TV Review: Little Cult Drama in Unbreakable Kimmy Schmidt, but Plenty of Laughs

The announcement of a new Netflix series about on a character who lived in an underground bunker as part of an apocalyptic cult for fifteen years caught my interest for obvious reasons. Humanists, who are naturally critical thinkers, often find it difficult to understand how some follow religion so blindly. What motivates someone to join and stay in a cult? How do charismatic leaders gain such mind control over their followers?

You won’t find any in-depth answers to these questions in the first few episodes of Unbreakable Kimmy Schmidt, but the show isn’t aiming for drama. The premise exists to make you laugh and revel in the constant cheerfulness of the title character as she explores a brand new world.

What little we know about the cult comes from the first episode when the media-dubbed “Indiana Mole Women” appear on the Today Show to talk about their ordeal. Kimmy Schmidt (Ellie Kemper) was just an eighth-grader when she was kidnapped and told that the world was destroyed—yes, the whole entire world—and these four women, along with their leader Rev. Richard Wayne Gary Wayne (of course that’s his name), are the only human beings to have survived. Her eyes open to reality, Kimmy decides quickly that she will not return to Indiana to be seen as a victim—she’s going to live in New York City, get an apartment, find a job, and “kiss a boy.”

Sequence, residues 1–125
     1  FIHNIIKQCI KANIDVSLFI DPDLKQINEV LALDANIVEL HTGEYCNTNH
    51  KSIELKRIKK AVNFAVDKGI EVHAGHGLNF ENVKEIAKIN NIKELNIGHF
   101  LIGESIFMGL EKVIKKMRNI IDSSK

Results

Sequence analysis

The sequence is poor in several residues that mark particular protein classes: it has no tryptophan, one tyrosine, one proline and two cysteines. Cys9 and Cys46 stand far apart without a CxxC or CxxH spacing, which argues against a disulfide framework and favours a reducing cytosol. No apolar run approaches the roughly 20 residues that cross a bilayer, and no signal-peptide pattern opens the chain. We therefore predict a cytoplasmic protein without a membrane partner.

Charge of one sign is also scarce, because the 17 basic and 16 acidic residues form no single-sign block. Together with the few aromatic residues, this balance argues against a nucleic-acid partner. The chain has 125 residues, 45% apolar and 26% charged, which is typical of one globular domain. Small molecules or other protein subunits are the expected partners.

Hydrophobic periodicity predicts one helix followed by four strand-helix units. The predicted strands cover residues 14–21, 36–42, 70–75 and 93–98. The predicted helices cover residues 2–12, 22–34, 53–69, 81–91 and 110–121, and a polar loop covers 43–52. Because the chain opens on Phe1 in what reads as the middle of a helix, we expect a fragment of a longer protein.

Kimmy isn’t totally unfamiliar with the ways of the world, but the fact that she’s basically a fourteen-year-old circa 1999 trapped in the body of a twenty-nine-year-old provides the primary humor of the show. As one who grew up in the ’90s, I found the cultural references hilarious—a Baby-Sitters Club book Kimmy nearly throws in the trash, her desire to dance at a nightclub like the one featured in the popular television show Moesha, and having the inability to tell time “since [her] Tamagochi died.”

There’s little detail about the Spooky Church of the Scary Apocalypse, the cult that kidnapped Kimmy, at least in the first few episodes. Writer Flor Edwards, who actually grew up in the doomsday movement Children of God, writes further about what Unbreakable Kimmy Schmidt gets right about cults (Kimmy’s “Yes, there was weird sex stuff in the bunker” comment is uncomfortably funny because it’s so close to the truth ). A Kimmy Schmidt born in such a cult and raised without any knowledge of the outside world would have been a far different television show and less funny.

Viewers do discover that Kimmy is a skeptic—in a flashback scene, she questions the Reverend leader about his claim that everything outside the bunker died and then holds up a squirming, decidedly alive rat, eliciting screams from the other mole women. Rather than actually answering her question, the Reverend vows to “break her,” but—with a big smile—Kimmy smoothly replies, “No, you won’t.” The scene accomplishes the near-impossible task of being both hilarious and powerful.

With plans to watch just the first episode, I ended up immediately watching three more, having been lured by Kimmy’s infectious optimism and the quippy dialogue of supporting characters like her Broadway-dreaming roommate Titus Andromedon (Tituss Burgess) and Kimmy’s wealthy Upper East Side employer, Jacqueline Voorhees (Jane Krakowski). If Kimmy can survive a tiny underground bunker for fifteen years, she can surely survive the streets of New York, and I’ll be rooting for her along the way. Hey, if you can make it there, you’ll make it anywhere.